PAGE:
First person: A gaming geriatric
By Maureen Patzer
When my girlfriend called recently to say, “hi,” she casually mentioned she and her husband had played with a friend’s wee over the weekend.
“Please,” I said. “Too much information.”
“No, not w-e-e as in pee,” she replied. “Wee as is Wii, the new gaming system from Nintendo.”
“I knew that,” I said. “I was just kidding, ha ha.”
I’m not exactly what you would consider a gamer. In fact, I haven’t played a video game of any kind since my sophomore year at college when my roommate dragged me into an arcade for a quick game of “Pac Man.” It cost $1, which seemed outrageous, (adjusted for inflation, that’s $100 in today’s money) and it hurt my wrist.
“You shouldn’t tell anyone you played ‘Pac Man,'” my husband said when I told about this column. “Everyone will know you’re really old.”
No more ‘Kong’?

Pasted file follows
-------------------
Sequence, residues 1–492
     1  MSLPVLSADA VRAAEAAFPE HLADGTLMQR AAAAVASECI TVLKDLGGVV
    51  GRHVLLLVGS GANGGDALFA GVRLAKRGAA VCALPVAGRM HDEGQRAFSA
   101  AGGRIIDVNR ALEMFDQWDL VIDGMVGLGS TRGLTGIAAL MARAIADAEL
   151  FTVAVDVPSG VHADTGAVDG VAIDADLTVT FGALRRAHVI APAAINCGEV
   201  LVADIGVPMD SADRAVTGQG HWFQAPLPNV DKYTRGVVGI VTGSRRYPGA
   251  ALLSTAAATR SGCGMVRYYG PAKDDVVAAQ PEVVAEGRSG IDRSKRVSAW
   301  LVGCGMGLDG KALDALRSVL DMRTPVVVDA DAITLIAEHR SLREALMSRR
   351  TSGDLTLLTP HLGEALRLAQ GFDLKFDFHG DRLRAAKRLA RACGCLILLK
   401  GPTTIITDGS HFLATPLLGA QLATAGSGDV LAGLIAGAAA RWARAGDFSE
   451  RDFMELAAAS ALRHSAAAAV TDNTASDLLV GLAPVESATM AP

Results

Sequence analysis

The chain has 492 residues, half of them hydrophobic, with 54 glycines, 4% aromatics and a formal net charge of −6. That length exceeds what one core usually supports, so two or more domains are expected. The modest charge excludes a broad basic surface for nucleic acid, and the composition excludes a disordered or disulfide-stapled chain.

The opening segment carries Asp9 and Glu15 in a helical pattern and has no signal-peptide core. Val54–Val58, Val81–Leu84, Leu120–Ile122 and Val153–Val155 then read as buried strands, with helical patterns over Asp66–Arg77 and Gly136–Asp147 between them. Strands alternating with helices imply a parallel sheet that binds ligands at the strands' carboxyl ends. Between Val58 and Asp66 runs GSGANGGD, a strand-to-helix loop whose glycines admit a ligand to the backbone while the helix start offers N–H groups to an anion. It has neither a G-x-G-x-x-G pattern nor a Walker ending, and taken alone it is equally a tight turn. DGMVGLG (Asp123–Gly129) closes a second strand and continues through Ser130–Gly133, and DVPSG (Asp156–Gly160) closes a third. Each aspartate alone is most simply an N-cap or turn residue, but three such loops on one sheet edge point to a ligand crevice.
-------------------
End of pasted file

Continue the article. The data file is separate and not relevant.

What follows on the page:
Apparently, a lot has happened in the gaming world in the past 25 years.
Xbox 360, Game Cube and Wii are now the industry standard; mention “Space Invaders” or “Donkey Kong” to anyone younger than 18, and you might as well admit to needing Depends.
At least a wadzillion people worldwide play video games, and many of them are acquiring ridiculous riches by doing so. There’s even an Electronic Sports World Cup, better known as the e-games.
Gaming is now so ubiquitous, more than 100 professional female teams shoot, loot and thumb their way through this formerly male-dominated universe; the ultimate indicator of my-how-things-have-changed is the existence of the Swedish Girls of Gaming.
This bevy of babes is a septuplet of beautiful blondes from Europe who compete under the name Les Seules. All are under the age of 25, and it’s likely they will become millionaires playing Counterstrip or Counterstripe or Counterstrike – something like that.